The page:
In the new series, DI Pérez is replaced by DI Ruth Calder, a native Shetlander who reluctantly returns to the isles after 20 years with the Met. Her character is played by Ashley Jensen.
“Because Ashley is really collaborative and experienced and open and generous, it was just a pleasure. We were able to figure everything out. It was rewarding in a different way.”
I would imagine, though, that joining a long-established show with a loyal audience could be quite daunting for a newcomer?
“She was really sensitive to the fact that the show precedes her by quite a stretch,” Alison says of Ashley. “But the other side of it was that she brought such confidence to her role. That combination of honouring what had gone before but really making an offer for something new, she really hit the sweet spot with that.”

For anyone doubting the future of the hit series without DI Pérez at the helm, they needn’t worry. Having watched the first two episodes of season eight, I have no doubt that both old and new fans alike will be enthralled.
“Nobody was being casual about it,” Alison says of the decision to continue with a new DI. “People still had an appetite for it, so it was a risk worth taking. But every decision was really carefully made.”
And it goes without saying, there’s a lot more to Shetland than one DI, regardless of his popularity. Tosh herself, for example, and the stunning location.
“I think the location offers so much from so many different angles,” Alison says when I ask if she can explain the secret to the show’s success. “It’s not just that it’s breathtaking to look at, but it’s so remote. It has this magical, mysterious atmosphere. It’s the perfect setting for this genre because the mystery is already there, the drama is at every corner you turn. You’re faced with drama from the elements, from the landscape, and on top of that is the fact that it’s a small community so people know each other’s business. You can really play with things like secrets and guilt… they really lend themselves to the genre.”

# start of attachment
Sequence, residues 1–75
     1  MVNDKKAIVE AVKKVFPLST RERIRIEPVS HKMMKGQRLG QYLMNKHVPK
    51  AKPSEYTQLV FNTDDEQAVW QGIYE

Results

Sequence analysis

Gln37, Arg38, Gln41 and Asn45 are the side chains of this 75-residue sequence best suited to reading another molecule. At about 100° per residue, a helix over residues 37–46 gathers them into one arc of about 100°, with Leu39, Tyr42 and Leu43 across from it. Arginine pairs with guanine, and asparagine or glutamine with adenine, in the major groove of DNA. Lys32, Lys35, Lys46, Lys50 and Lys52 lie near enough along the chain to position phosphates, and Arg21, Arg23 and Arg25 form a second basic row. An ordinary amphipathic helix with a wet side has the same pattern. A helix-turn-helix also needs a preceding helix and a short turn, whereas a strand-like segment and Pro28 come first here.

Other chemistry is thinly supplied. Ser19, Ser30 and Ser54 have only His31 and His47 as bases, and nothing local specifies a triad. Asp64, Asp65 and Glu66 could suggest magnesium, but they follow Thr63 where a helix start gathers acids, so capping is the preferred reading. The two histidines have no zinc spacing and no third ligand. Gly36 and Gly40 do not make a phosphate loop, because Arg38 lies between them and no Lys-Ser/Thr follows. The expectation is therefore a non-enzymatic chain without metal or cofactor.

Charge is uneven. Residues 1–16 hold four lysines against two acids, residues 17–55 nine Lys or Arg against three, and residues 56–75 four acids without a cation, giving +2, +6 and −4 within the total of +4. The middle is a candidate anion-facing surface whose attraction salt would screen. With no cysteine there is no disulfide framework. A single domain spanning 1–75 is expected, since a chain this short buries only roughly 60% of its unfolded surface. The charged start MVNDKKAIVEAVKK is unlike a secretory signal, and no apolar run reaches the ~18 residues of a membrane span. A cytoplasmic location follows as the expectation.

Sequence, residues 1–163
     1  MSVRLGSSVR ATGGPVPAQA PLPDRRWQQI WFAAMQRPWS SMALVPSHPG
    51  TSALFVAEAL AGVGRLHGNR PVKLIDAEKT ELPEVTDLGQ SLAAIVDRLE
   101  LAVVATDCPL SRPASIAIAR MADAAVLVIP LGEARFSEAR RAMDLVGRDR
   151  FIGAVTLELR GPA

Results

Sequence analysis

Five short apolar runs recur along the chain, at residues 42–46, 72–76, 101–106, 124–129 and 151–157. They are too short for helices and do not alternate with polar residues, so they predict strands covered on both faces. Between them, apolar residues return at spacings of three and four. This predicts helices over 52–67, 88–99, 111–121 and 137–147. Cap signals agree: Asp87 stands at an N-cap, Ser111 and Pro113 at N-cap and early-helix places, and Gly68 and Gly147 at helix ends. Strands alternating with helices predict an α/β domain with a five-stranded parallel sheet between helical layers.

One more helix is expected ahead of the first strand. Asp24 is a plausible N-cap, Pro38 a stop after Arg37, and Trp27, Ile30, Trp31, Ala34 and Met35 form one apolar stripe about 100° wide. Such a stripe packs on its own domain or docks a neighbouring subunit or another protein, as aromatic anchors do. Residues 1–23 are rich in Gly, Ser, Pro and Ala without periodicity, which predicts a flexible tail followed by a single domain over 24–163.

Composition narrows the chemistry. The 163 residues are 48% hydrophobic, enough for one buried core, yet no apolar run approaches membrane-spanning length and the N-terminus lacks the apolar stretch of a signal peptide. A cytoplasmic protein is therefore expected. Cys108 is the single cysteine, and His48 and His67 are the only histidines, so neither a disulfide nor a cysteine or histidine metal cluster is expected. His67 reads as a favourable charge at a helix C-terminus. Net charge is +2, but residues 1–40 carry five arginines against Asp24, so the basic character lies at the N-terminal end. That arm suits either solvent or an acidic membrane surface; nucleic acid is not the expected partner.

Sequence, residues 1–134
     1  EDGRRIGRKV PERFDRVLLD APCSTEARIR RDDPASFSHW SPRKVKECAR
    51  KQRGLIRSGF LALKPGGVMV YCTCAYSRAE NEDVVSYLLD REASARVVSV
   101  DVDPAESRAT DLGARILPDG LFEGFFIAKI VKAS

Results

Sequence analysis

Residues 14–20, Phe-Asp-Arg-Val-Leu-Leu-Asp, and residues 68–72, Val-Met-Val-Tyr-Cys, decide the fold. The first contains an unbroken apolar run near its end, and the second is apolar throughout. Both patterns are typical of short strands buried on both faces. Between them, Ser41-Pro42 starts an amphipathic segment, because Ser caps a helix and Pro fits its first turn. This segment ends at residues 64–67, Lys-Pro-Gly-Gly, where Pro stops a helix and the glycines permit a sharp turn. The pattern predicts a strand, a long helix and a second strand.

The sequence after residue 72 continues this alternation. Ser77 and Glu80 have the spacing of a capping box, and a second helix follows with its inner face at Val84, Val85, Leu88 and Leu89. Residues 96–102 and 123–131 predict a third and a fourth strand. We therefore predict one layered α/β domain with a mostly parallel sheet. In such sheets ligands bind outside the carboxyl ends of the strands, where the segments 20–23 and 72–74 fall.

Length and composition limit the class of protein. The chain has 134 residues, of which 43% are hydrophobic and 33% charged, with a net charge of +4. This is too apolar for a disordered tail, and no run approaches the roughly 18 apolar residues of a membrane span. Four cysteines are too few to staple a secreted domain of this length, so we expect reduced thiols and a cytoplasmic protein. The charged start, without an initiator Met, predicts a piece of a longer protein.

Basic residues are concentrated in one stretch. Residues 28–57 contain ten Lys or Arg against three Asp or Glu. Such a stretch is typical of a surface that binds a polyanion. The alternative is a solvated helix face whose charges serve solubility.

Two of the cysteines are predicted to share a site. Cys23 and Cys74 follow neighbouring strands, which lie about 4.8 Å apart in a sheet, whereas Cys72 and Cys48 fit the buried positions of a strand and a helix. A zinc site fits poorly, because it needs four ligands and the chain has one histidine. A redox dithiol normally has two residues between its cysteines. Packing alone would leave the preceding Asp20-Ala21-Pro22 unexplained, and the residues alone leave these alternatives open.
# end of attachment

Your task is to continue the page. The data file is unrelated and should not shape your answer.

Surprisingly, though, not all of the filming takes place on Shetland itself.
“Each series takes about four months to film and we do six weeks out there, split into two visits of three weeks. Obviously, when you’re out there, what they want is the scenery so it’s quite hard-core. You’re outside all day every day, come what May, whatever the weather. The rest is filmed in and around Glasgow and in studios. I’ve also been to Aberdeen and Edinburgh, it’s just what’s in the script.”
Despite the long hours and potential for bad weather, does she enjoy her trips to the islands?
“I’ve certainly got to know the place, and the locals are fantastic, they’re so welcoming. It’s just such a lovely place, it’s so full of heart. I always look forward to going back.”
She also enjoys working with the rest of the team, some of whom, like Alison, have been with the show since day one.
“It’s lovely. I don’t think any of us could have imagined that this show could have the life that it is has. It feels that every chance we get to be together now just feels like such a blessing and such a bonus. But because we learned the show together on the job, it just has a very easy kind of vibe. Everybody understands what their job is, we get on with it and we know what we need from each other. It’s a real pleasure. I feel very lucky to have been able to go on that journey with them.”
Prior to landing the role of Tosh, Alison’s acting career had consisted entirely of stage roles. She tells me about those early days and how it all started.